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5 trends shaping the rental market in the coming months

by Rhenti on
If you have a vacant unit that has been sitting on the market for months, recent activity and longer-sighted trends indicate there will be an upswing in the rental market. 

May 2021 saw the first month-over-month increase in rental rates nationally (up 2 per cent) since October 2020. 

Although average rental prices remain below pre-pandemic levels, several trends are currently at play indicating that rent prices are going to increase.


1. The loosening of restrictions coinciding with the vaccine rollout:

This is the most obvious trend on the list, and it certainly affects every other item we will talk about. As businesses start opening up, the appeal of moving back to city centres that had essentially been shut down is immediate. This, coupled with the desire to take advantage of rent prices that are still lower than pre-pandemic rates, means people are motivated to move into rental units before fall.


Rental market trends


2. Canada will likely follow the upward trend seen in the U.S. rental market:

U.S. rent prices in April 2021 saw their biggest year-over-year growth since March 2020. Over the last two months, American cities like New York, Chicago and San Francisco have experienced an increase in the amount of leases being signed. 

As Canada’s vaccination rollout continues, it is likely apartments for rent will see a pickup similar to that of the United States. An early indicator: rent prices for 1 bedroom apartments and 2 bedroom apartments in Canada’s most expensive markets are up month-over-month:

Canada’s vaccination rollout lagged behind the U.S., but with an increasing number of Canadians having received their second dose, it is likely that Toronto’s rental market is two to three months behind the United States, according to Toronto-based real estate consulting firm, Bullpen Research & Consulting. The firm is also predicting rent growth of 12-14 per cent in 2022.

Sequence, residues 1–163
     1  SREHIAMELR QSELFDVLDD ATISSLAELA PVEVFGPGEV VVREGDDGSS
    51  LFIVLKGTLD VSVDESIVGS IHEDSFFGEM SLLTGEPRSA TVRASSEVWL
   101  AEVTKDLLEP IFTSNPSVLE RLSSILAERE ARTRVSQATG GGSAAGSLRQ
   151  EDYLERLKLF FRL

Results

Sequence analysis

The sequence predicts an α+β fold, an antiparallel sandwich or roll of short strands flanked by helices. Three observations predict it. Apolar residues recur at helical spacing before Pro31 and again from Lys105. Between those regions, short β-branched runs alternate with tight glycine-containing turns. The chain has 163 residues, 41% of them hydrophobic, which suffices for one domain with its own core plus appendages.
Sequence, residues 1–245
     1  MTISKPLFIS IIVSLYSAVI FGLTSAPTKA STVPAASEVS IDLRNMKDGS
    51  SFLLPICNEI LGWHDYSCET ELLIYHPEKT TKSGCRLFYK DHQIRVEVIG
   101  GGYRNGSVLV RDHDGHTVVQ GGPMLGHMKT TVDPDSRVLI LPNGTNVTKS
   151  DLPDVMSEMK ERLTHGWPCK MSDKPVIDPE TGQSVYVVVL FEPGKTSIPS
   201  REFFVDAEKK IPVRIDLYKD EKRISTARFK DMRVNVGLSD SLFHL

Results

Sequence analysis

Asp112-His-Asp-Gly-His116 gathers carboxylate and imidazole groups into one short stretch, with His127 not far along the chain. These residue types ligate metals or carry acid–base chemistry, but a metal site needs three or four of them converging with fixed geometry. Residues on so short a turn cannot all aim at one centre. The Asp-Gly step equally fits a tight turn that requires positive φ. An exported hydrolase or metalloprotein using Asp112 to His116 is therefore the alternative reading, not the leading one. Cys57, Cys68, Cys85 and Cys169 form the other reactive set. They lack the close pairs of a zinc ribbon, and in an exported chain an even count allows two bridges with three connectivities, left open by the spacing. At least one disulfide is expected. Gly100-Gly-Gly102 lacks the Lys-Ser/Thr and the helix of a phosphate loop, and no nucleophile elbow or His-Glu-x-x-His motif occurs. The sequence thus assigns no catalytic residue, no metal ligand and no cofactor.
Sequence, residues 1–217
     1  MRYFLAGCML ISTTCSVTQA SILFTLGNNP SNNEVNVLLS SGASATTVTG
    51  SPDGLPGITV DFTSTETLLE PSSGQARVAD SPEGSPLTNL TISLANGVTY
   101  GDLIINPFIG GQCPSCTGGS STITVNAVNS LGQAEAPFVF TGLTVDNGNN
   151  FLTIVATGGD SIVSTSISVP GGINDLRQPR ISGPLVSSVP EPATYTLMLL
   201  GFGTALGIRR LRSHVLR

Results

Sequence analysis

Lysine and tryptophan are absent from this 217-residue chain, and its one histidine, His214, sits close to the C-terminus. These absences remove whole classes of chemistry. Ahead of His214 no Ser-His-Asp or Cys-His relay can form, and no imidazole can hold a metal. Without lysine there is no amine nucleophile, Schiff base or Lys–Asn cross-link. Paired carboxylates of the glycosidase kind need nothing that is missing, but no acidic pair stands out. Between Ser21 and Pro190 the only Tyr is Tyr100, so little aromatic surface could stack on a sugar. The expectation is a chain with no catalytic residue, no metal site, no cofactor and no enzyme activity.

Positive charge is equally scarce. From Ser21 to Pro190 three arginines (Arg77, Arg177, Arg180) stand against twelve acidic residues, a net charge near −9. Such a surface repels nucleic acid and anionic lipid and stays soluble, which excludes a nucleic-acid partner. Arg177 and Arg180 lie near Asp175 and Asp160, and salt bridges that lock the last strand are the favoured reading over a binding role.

3. The return to the workplace:

As employees return to the office (even if only for a few days a week), being close to work is going to become a priority again. Right at Home commissioned a survey in May that found 63 per cent of respondents wouldn’t want to move further away from work, if they were required to go into the office 1-3 days a week. 

The Globe and Mail recently reported many companies that tried to sublease their Toronto office spaces have changed their minds, as people are feeling increasingly burnt out and isolated working from home. Stanford University economics Professor Nicholas Bloom told the Harvard Business Review most firms that intend to have employees return to work are penciling them in for September. Bloom also noted that employees know putting in face time at work plays a significant role in their likelihood for promotion and that this will continue to be a motivating factor for coming into the office.


4. The return to in-person learning at Canada’s post-secondary institutions:

Universities across Canada have begun unveiling their plans for fall 2021 and for most schools, this includes in-person learning. As students begin returning to classrooms this fall, so will the influx of those seeking apartments for rent in cities and towns where they are attending school. 

Immigration, Refugees and Citizenship Canada issued almost 100,000 study permits from January to April 2021, up from about 66,000 during the same period last year and 96,000 in 2019. A spike in international students will increase demand for rental units as well as prices. With the Canadian government looking to grow Canada's population, this is a trend that is bound to continue. 


5. Canada’s Immigration targets:

With the Canadian opening back up, so will immigration. The government has set targets to grow the population  in the next three years by welcoming 401,000 new permanent residents in 2021, 411,000 in 2022 and 421,000 in 2023. Most newcomers live in rental properties when they first arrive in Canada, so this will also create increased demand.  


With all this in mind, if you are currently looking to lease your rental property here are some tips that will help you find a tenant faster

The blog posts on this website are for the purpose of general introductory information. They can’t serve as an opinion or professional advice. Speak to a professional before making decisions related to your circumstances.